I’ve done a lot of work with teaching yes/no mands to my son with autism as well as several other children. Teaching a child to say “no” or to respond with a head shake NO can be taught early to replace problem behavior such as crying or pushing items away but teaching a child to say “yes” should not be done until important prerequisites are in place.
I recommend not teaching “yes” mands until the child is spontaneously manding for dozens of items in and out of sight and manding for several actions too. I’ve see many children who have a defective yes mand because someone taught them to answer “yes” too early. The main issue is that they say “yes” when someone offers them something (Do you want candy or Do you want a tickle) but they cannot ask for those items (candy) or actions (tickle) spontaneously by using the item or action name. This often leads to problem behavior.
Once children can spontaneously mand for many items and actions out of sight, this is how I start teaching yes/no mands. First, I gather three things the child loves (and will almost always mand for or take) and three things they don’t like and would usually push away (raisins or another non-preferred food item and certain videos). I then use these items during short (10-15 minute) yes/no mand sessions. I ask “Do you want a ___?” while holding one item and prompting yes/no and doing a transfer trial. For some children I have used textual prompts which are the written words “yes” and “no.” Textual and/or verbal prompts need to be faded carefully though by using transfer trials.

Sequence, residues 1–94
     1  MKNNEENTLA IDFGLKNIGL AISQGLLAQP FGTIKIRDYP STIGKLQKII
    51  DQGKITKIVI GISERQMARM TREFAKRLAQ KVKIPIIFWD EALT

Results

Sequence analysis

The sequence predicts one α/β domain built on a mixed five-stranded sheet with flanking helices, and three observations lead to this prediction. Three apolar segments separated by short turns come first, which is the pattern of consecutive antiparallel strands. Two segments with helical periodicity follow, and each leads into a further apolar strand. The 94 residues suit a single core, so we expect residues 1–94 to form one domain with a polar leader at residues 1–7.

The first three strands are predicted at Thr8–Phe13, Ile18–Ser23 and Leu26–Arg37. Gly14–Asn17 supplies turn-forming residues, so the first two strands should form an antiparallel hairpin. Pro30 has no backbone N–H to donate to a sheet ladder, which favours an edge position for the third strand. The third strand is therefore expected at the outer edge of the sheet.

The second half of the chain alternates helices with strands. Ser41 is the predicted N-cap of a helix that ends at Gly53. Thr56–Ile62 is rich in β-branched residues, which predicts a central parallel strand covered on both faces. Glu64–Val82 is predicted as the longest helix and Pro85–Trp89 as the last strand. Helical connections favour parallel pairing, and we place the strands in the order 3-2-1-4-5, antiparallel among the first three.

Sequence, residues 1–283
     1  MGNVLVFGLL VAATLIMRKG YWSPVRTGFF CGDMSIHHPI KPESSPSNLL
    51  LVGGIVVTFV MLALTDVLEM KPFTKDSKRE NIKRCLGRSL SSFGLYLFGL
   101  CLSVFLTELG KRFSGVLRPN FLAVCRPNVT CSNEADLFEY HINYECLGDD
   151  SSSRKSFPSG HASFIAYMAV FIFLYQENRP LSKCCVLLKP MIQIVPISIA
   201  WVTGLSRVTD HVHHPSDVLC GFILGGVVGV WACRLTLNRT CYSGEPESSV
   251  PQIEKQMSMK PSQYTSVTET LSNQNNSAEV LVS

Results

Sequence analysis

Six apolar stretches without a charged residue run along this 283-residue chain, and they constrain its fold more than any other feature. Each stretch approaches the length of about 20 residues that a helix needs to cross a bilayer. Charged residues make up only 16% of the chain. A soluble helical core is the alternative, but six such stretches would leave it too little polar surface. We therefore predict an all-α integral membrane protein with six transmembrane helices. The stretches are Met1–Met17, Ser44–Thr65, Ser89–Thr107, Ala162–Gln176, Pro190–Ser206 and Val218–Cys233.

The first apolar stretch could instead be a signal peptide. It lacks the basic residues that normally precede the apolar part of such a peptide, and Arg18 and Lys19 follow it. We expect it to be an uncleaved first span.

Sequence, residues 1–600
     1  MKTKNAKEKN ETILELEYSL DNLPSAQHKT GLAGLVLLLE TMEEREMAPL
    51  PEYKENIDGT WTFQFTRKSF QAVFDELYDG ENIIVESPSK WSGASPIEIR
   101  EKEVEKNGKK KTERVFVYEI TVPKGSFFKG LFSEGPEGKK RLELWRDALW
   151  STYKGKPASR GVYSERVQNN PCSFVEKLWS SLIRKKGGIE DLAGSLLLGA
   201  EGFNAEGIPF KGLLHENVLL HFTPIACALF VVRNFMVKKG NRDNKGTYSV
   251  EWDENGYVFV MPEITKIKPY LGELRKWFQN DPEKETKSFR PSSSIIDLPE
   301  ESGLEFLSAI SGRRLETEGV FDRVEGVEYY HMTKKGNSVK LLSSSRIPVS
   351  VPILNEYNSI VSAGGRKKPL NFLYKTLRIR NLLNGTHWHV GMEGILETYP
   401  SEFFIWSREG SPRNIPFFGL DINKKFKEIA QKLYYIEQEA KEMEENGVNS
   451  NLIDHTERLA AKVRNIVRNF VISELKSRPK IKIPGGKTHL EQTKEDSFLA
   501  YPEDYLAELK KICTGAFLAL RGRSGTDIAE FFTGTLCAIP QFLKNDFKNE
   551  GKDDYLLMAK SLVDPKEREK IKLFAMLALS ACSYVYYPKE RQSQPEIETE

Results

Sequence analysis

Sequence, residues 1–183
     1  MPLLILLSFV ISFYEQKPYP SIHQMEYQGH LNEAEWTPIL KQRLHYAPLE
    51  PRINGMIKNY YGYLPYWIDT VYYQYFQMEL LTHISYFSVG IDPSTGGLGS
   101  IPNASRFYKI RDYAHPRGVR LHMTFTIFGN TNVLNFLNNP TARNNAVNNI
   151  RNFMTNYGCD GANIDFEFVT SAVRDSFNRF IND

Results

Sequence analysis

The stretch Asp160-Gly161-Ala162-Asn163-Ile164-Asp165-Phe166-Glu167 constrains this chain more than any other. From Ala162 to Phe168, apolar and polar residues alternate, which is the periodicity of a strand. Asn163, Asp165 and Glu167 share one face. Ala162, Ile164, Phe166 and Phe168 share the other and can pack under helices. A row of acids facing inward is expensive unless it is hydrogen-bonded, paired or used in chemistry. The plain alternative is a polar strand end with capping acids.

Here is an example of a prompted trial followed by a transfer trial:
Hold up a raisin (non-preferred) and say “Do you want a raisin?” prompt NO verbally, with a head shake and/or the word NO written on an index card. The child needs to say or head shake “no.” Then immediately complete the transfer trial by taking away the textual prompt (if used) and asking the question again “Do you want a raisin?” The child says “no” without any prompt and the item is removed.
I create many contrived situations, alternate between things they want and don’t want, and take trial by trial data during these short yes/no mand sessions. Once this skill is solid with the 6 items (3 items they like and 3 items they don’t like) in sight, I then specifically work on generalizing to other items and moving mastered items out of sight.